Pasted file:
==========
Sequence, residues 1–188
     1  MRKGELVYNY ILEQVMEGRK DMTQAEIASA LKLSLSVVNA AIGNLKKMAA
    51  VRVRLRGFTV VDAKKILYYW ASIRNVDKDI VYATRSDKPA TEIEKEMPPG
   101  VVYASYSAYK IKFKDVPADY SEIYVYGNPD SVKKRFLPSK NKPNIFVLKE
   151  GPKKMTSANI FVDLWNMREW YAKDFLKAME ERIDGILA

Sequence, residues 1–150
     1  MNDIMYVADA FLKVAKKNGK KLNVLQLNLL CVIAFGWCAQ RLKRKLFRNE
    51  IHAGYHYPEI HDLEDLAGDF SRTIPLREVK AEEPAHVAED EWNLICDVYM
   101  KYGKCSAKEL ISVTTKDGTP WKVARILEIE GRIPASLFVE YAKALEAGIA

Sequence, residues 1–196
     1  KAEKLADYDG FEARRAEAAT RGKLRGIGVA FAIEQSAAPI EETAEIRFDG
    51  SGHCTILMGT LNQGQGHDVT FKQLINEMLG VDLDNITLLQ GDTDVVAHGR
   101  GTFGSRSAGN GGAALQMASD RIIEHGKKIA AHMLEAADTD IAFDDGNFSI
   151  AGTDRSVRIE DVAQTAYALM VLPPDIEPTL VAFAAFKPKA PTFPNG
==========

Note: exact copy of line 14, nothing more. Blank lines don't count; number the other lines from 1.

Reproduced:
   151  AGTDRSVRIE DVAQTAYALM VLPPDIEPTL VAFAAFKPKA PTFPNG